Motivate Me To Study! Why "If-Then" Rewards Don't Really Work

By Lachlan Haynes

Have you ever heard of "If-then" rewards and punishments? Well if that's the case then good for you! Get it? That was a joke in case you were wondering.

"If then" rewards and punishments are simple to understand. If something happens, then something else happens as a result. For example, if you don't go to school, then your parents will ground you. If you help clean the backyard, then your parents will end the grounding. Makes sense doesn't it? There are punishments for "bad" behavior and "rewards" for good behavior. It's motivation 101!

Unfortunately, motivation 101 ("if then" motivation) doesn't always work. It also creates harmful long term problems. Why? Well how on earth do you become self-motivated and inspired by life when all you are doing is responding to threats of punishment or the delights of rewards? Your motivation levels are just being manipulated. In fact, it's not really addressing motivation at all it's just seeking to change behavior.

"If-then" rewards also encourage unethical behaviour (like achieving the desired objectives using questionable actions such as stealing or cheating), create addictions (like believing that if I do something I should be rewarded at all times otherwise I'm not going to do it) and foster short term thinking (like I'm just aiming for this goal alone and not worrying about any other consequences of achieving this target).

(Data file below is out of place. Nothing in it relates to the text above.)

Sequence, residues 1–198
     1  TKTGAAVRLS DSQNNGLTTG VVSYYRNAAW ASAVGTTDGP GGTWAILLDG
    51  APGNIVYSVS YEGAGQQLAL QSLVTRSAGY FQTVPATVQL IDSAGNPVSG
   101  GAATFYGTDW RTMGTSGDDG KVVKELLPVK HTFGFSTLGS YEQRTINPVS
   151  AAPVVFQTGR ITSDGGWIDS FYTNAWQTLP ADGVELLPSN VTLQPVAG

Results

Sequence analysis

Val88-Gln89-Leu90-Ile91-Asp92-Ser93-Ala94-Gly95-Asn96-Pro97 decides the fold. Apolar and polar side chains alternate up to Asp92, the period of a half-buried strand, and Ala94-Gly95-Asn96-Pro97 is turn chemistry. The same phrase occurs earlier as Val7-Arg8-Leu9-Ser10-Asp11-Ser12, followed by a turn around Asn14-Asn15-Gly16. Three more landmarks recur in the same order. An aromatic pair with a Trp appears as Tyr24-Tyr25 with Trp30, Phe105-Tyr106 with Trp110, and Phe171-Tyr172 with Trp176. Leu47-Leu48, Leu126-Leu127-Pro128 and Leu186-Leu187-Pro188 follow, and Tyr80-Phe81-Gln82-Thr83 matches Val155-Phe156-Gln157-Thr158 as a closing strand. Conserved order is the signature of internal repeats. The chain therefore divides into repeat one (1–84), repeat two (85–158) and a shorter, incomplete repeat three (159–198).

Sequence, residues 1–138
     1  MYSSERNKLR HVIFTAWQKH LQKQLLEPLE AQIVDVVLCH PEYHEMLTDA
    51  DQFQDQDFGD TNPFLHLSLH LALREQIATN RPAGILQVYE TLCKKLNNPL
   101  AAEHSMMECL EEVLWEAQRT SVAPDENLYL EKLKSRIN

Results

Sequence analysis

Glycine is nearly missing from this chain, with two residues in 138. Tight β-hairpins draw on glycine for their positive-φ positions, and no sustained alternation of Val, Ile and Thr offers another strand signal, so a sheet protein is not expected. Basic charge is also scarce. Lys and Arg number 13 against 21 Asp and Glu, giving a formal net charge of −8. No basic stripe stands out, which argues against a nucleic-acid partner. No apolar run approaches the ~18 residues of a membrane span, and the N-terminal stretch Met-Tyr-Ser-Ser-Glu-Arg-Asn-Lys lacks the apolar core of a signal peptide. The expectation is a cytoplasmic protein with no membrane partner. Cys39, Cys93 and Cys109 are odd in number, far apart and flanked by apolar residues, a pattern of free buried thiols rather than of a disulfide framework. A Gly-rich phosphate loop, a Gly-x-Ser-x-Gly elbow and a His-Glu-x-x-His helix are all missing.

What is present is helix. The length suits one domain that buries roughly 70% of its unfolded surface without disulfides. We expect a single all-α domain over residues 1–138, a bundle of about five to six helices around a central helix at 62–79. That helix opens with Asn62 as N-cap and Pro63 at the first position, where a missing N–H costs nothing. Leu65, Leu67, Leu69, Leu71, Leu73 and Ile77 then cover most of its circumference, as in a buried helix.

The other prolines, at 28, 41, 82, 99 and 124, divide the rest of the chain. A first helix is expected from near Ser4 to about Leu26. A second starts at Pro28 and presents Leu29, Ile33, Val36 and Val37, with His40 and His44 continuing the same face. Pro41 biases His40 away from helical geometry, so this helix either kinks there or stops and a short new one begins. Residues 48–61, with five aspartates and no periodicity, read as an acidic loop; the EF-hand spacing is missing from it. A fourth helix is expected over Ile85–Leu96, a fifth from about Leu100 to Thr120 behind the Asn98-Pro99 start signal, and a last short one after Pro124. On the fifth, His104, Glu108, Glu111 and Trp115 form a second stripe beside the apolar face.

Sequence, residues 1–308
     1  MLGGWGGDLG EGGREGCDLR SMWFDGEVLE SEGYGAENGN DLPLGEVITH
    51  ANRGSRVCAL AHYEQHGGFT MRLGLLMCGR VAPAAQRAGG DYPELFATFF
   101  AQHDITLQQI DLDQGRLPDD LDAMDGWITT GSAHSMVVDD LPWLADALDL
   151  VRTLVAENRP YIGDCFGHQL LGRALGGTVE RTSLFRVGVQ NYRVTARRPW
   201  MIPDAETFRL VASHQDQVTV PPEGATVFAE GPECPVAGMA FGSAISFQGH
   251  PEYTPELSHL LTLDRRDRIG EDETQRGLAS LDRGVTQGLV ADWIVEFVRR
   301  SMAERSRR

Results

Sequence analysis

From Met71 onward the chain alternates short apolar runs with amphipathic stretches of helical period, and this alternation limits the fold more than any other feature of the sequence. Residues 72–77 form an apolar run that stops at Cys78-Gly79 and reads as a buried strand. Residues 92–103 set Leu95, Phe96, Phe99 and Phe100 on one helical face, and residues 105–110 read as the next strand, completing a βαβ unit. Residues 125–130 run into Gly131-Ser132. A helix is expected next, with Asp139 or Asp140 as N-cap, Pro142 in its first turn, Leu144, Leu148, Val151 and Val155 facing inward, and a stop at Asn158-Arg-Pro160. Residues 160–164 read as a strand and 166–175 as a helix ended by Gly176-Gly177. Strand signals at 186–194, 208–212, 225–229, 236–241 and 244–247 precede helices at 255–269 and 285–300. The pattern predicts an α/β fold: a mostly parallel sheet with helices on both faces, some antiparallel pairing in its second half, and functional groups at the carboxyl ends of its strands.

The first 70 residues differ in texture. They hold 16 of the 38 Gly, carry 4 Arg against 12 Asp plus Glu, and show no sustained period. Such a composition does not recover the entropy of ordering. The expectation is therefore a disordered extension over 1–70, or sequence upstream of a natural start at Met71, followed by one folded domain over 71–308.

Your motivation is not, and should not, be about fear of punishment or the pleasure of a reward. You are not the family pet - you have a more sophisticated brain than that! Motivation is something that comes from within and compels you to action. Everyone knows what real motivation feels like - the feeling of being unstoppable in your ambition. But how do you find this?

Motivation is actually about the combination of three elements: autonomy, mastery and purpose (this was established by behavioral scientists Harlow and Deci).

Their research identified that the secret to high levels of performance is actually our deep seated desire to direct our own lives and be in charge of what we do with our time and how we do it (our desire for autonomy), to extend and expand our capabilities and the urge we have to get better and better at something that really matters to (our desire for mastery), and the longing to do things in the service of something larger than ourselves (our desire for purpose).

If you honestly and objectively look at the three elements that create motivation and assess how closely they align with your life, it may become quite clear why you don't feel motivated. If you aren't in control, if you're not taking charge, if you're spending your time doing things that don't inspire you, if you're not learning and expanding your capabilities and improving yourself each day - you simply won't feel motivated. It's not possible. It breaks every rule of motivation. So honestly assess where your life is and you will find your answer. Good luck!

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